my bbys dad has an imigration hold.they say that i shoould get maried with him because im a citizen and his 2 american children should count on his side to?hes in there for battery 143 but his criminal case is done.now hes just with ice.whats next? do u think he stands a chance??help plz
The first thing you need to do immediately is find an experienced immigration attorney in your area. There are many on this site who will do a free initial consultation. You should contact them by phone and not email.
With immigration there is always a chance, this may not be obvious to you, but a immigration attorney will be able to honestly let you know his chances. Make sure that you have copies of his criminal record and any other prior immigration cases he may have had.
Marc Taylor, Esq.
I agree that you should immediately consult with an immigration attorney. Your partner's eligibilty for various forms of relief will depend on a multitude of factors not mentioned in your brief summary of the case. Among the factors that an experienced immigration attorney will consider are:
* When your b/f first entered the U.S., and how;
* Whether he ever departed the U.S. after his first entry, and how long he stayed out, and how he returned each time;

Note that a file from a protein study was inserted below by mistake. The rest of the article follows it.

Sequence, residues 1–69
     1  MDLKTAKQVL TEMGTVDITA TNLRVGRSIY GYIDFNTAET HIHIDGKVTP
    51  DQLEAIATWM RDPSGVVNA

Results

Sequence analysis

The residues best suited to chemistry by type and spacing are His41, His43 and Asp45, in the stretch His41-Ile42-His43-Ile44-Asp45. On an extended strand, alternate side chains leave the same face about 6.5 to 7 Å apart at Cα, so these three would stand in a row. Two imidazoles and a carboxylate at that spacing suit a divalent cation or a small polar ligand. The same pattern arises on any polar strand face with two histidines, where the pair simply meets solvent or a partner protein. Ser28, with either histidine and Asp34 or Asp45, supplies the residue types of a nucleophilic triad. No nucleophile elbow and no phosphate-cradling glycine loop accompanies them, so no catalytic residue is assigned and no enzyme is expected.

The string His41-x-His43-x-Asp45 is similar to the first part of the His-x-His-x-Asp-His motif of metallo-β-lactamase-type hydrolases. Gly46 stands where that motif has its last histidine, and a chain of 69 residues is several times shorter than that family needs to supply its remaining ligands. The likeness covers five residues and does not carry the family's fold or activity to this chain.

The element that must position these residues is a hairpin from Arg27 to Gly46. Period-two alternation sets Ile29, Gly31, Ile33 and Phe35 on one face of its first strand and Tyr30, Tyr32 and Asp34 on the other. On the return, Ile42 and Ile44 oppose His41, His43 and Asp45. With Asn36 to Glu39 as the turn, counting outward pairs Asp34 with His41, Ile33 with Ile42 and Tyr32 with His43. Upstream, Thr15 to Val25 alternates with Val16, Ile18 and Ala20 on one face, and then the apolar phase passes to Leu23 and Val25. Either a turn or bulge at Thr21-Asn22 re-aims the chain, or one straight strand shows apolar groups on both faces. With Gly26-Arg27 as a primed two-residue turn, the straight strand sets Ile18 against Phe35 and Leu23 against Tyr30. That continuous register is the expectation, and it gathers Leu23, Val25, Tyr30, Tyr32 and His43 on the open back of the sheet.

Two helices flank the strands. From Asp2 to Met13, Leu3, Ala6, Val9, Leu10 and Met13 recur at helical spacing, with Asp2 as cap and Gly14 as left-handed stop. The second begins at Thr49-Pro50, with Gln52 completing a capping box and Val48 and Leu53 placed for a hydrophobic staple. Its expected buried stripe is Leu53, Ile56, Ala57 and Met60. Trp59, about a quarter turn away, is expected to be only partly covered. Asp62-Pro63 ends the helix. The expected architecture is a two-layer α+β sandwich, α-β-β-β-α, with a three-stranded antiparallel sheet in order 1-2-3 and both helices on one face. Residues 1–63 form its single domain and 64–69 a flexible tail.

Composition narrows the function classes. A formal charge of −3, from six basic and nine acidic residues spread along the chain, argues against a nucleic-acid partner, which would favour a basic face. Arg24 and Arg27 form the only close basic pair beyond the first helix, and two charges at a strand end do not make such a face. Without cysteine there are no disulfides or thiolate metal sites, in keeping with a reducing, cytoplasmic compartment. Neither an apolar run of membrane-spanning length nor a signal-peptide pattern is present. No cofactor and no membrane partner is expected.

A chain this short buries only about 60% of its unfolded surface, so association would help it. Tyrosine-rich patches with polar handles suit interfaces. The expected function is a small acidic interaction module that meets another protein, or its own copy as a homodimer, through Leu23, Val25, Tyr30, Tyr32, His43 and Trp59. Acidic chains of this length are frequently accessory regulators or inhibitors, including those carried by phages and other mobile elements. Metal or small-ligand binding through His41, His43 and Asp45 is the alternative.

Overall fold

* Your b/f's past immigration history, including any prior contact with CBP, or placement in removal proceedings;
* Your partner's past criminal history;
* Your criminal history
* The marital history of both you and your partner;
* Any health issues for you or your children, or other equitable concerns;
* Whether your partner was ever the victim of a serious crime;
* Whether anybody (employer or family member) ever petitioned for your partner in the past, and when;
* Whether your partner has any fear of returning to his home country, and why.
This is just a partial list, but should give you some idea of the depth of a good consultation.
Don't hesitiate. Once your partner is in immigration detention, things might move pretty quickly, and you want to be prepared. Depending on the facts, your partner may have to fight his case while in detention, making it all the more urgent to work with an attorney now to come up with a plan.
Talk to an experienced immigration attorney as soon as possible.
Both my colleagues already provided excellent answers.
I would just like to add what my father, who was also an immigration lawyer used to tell me (and his clients). Laws are man made and can be changed by man - nothing is impossible.
In my career I have seen some pretty "impossible" cases work out just fine.
Also, there's a now somewhat famous quote amongst immigration lawyers that goes: we win by losing slowly.
Don't give up hope!